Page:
The highly contagious animal disease affecting domestic and wild small ruminants was first identified in Côte d’Ivoire in the 1940s.
The Food and Agriculture Organisation (FAO) has warned that the Peste des petits Ruminants (PPR) disease, also known as sheep and goat plague, threatens 80 per cent of the world’s ruminants.
The PPR, a highly contagious animal disease affecting domestic and wild small ruminants, was first identified in Côte d’Ivoire in the 1940s. It has spread over the last 15 years to more than 70 countries – mostly in Asia, Africa and Middle East.
At its worst, the disease threatens to infect up to 80 per cent of the world’s 2.5 billion small ruminants if not controlled, putting enormous pressure on some of the world’s most vulnerable people.
PPR can be deadly for animals – with a 30-70 percent fatality rate, it does not infect humans, but can affect their food security and means of livelihoods.
There are, however, positive signs that the impact of vaccination campaigns has reduced the spread of the PPR disease by two-thirds in recent years.
The FAO says the vaccination, which is funded by countries with support from FAO and partners, has been ongoing in 50 countries.
In just 12 of these countries, over 300 million goats and sheep were vaccinated between 2015 and 2018.
Two regions have been the worst hit by PPR, and reported the majority of outbreaks between 2015-2019 – Asia over 75 per cent and Africa over 24 percent, although the disease may also be underreported.
The FAO says nearly half of all outbreaks in this period occurred in only five countries, highlighting the urgent need for strengthening prevention and control mechanisms.
About 300 million families rely on small ruminants, such as sheep and goats, as a source of food and income, and are at risk of losing their livelihoods if the disease is not kept at bay. It is also estimated that PPR causes economic losses up to $2.1 billion per year.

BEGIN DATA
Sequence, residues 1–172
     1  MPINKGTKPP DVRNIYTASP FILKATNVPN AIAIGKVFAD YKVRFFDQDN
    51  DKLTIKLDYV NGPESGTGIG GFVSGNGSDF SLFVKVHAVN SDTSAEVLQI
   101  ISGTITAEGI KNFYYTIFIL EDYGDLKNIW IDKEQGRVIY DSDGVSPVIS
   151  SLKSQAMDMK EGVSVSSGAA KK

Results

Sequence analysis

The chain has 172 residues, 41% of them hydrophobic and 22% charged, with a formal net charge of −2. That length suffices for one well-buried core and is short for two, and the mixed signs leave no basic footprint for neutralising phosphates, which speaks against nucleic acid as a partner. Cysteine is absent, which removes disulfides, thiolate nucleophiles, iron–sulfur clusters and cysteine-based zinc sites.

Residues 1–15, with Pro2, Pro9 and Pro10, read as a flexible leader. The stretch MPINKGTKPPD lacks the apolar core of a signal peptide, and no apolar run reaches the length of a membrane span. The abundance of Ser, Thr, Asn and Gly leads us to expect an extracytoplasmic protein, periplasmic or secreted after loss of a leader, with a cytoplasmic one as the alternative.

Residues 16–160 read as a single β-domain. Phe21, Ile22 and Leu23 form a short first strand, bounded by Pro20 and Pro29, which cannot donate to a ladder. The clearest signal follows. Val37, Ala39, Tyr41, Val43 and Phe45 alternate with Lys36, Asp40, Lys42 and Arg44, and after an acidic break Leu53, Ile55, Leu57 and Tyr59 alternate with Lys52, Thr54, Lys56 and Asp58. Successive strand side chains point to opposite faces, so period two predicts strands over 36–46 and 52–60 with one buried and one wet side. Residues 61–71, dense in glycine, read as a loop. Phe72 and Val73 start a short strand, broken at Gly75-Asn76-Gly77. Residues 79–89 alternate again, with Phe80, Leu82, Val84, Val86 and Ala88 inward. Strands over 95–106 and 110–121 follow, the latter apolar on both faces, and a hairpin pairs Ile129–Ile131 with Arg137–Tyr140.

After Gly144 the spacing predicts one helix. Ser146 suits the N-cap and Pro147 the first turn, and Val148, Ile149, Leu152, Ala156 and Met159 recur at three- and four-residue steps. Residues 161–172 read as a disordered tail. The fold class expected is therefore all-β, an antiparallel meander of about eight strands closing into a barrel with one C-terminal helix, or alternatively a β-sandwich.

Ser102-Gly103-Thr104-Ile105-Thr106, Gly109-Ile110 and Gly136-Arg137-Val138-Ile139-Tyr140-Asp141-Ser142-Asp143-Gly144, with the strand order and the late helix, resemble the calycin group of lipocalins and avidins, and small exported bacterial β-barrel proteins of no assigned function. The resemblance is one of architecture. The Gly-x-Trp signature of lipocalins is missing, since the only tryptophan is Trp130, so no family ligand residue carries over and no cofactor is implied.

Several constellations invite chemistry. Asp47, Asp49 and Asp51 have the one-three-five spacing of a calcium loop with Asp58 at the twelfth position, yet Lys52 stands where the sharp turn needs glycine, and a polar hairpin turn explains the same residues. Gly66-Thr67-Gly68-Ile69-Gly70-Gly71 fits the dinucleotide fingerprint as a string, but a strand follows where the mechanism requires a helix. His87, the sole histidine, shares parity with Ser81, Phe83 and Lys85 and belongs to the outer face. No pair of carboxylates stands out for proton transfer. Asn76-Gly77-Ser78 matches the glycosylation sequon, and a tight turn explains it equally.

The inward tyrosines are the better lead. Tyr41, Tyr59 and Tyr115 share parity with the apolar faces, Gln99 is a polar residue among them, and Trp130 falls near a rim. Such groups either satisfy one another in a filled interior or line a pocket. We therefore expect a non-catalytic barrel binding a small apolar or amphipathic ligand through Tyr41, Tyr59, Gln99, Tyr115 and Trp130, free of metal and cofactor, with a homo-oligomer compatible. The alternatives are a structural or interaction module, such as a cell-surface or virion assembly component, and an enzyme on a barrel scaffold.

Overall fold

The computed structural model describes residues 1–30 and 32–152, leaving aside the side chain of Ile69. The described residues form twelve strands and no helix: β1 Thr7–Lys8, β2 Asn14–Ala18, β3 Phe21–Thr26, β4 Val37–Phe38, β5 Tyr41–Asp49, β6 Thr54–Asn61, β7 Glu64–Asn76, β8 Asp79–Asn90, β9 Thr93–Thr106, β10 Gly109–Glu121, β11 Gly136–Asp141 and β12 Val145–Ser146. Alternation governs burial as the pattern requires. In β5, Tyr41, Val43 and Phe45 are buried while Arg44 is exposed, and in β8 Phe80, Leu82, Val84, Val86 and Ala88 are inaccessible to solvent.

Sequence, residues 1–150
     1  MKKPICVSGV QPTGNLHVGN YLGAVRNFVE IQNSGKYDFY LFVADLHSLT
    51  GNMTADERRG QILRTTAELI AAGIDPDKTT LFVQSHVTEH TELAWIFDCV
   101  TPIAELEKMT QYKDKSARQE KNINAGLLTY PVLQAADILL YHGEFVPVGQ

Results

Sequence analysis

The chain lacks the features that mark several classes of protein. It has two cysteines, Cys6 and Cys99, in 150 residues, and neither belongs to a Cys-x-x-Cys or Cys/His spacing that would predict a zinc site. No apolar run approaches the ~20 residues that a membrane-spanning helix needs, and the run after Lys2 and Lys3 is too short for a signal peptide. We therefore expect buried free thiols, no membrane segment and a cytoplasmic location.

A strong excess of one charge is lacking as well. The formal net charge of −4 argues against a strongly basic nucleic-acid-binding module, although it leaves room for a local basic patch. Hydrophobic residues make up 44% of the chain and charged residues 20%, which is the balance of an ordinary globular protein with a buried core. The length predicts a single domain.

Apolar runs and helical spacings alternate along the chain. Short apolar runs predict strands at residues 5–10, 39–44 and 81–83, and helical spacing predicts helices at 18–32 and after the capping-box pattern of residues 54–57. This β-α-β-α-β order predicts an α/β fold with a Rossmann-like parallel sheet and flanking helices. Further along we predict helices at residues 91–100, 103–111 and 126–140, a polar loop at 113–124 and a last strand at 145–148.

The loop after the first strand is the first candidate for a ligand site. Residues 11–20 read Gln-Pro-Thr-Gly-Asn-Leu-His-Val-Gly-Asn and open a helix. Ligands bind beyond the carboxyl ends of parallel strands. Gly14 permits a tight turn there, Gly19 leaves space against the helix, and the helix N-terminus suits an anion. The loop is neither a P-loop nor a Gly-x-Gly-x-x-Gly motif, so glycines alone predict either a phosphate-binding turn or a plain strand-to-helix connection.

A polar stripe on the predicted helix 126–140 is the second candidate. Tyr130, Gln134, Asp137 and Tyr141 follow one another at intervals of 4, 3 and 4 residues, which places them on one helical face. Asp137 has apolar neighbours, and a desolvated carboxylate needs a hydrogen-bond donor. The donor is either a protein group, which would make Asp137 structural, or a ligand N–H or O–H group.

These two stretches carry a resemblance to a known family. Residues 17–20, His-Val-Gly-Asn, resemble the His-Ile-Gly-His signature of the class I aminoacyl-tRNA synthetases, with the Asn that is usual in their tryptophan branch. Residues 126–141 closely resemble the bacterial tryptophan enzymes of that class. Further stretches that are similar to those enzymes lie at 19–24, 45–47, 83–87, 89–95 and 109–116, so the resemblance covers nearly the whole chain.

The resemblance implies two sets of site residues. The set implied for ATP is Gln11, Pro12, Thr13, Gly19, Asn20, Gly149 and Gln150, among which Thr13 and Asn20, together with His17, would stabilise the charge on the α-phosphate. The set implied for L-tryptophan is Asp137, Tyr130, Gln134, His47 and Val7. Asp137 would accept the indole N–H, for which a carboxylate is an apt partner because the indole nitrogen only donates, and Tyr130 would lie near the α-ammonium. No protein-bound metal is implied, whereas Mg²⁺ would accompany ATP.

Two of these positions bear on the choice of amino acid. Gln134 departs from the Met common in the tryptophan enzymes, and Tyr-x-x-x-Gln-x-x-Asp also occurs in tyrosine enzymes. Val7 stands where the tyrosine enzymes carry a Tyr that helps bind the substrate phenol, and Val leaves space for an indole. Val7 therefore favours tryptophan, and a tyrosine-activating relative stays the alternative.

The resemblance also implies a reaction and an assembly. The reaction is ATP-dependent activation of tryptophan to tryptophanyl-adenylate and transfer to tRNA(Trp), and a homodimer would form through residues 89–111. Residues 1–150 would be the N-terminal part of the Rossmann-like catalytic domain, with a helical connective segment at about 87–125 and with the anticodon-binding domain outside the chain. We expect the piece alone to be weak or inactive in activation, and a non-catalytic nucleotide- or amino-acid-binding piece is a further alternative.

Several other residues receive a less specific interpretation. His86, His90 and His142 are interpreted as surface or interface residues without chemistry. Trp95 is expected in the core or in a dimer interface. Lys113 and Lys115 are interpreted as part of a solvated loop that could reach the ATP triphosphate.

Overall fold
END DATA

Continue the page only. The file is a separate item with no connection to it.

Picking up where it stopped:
Although it was first considered as a rinderpest-like disease of small domestic ruminants, in the recent past, PPR has also infected camels, cattle, water buffalo and a range of wildlife species – from the African buffalo to the saiga antelope in Asia.
In 2015, the international community set the goal of eradicating PPR by 2030, and, since then, FAO and the World Organisation for Animal Health (OIE) have developed and implemented a Global PPR Control and Eradication Strategy.
“Eradicating the disease is possible and essential to ending poverty and hunger. Not only would it save a valuable source of food and income for many vulnerable people but could also prevent entire families from migrating – a risk they face when their livelihoods are destroyed. A world free of PPR will also mean more security and empowerment for rural women as they are often responsible for looking after livestock,” said Maria Helena Semedo, FAO Deputy Director-General.
As of May 2020 (latest data available), 58 countries and one region in Namibia have been recognised as free of PPR – with Russia and Lesotho the latest countries added to the list last year. In addition, 21 countries, which have had no new cases for five consecutive years, can prepare their documentation for validation by OIE for a PPR-free status.
To reach PPR-free status, countries go through a thorough four-stage process (assessment, control, eradication, and post-eradication) supported by FAO and OIE.
Vaccination is essential for PPR prevention and control based on experience from the successful global eradication of rinderpest in 2011 by FAO, OIE and their partners, and the availability of effective PPR vaccines.
FAO and OIE recommend that PPR vaccination should be rolled out during two successive years, followed by vaccination of newborn animals during one or two successive years.